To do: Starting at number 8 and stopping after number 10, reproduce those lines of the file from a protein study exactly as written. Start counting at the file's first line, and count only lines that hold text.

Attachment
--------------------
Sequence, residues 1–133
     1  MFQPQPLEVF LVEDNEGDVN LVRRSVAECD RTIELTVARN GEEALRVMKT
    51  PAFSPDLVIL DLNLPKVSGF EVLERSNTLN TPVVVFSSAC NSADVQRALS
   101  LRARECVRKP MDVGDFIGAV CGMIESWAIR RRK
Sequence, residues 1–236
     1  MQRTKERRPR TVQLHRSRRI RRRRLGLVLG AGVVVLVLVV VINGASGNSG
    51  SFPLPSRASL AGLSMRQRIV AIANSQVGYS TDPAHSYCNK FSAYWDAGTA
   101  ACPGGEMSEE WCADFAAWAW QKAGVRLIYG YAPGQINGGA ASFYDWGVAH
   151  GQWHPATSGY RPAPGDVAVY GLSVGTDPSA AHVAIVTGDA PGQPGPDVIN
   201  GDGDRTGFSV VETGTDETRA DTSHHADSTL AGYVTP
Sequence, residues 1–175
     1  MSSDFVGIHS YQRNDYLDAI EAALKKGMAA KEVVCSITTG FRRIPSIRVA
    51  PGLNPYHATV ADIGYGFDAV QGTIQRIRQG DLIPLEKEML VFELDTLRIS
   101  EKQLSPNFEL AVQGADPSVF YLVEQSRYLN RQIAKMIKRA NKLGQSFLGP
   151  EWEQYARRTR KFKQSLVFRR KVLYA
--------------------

   101  ACPGGEMSEE WCADFAAWAW QKAGVRLIYG YAPGQINGGA ASFYDWGVAH
   151  GQWHPATSGY RPAPGDVAVY GLSVGTDPSA AHVAIVTGDA PGQPGPDVIN
   201  GDGDRTGFSV VETGTDETRA DTSHHADSTL AGYVTP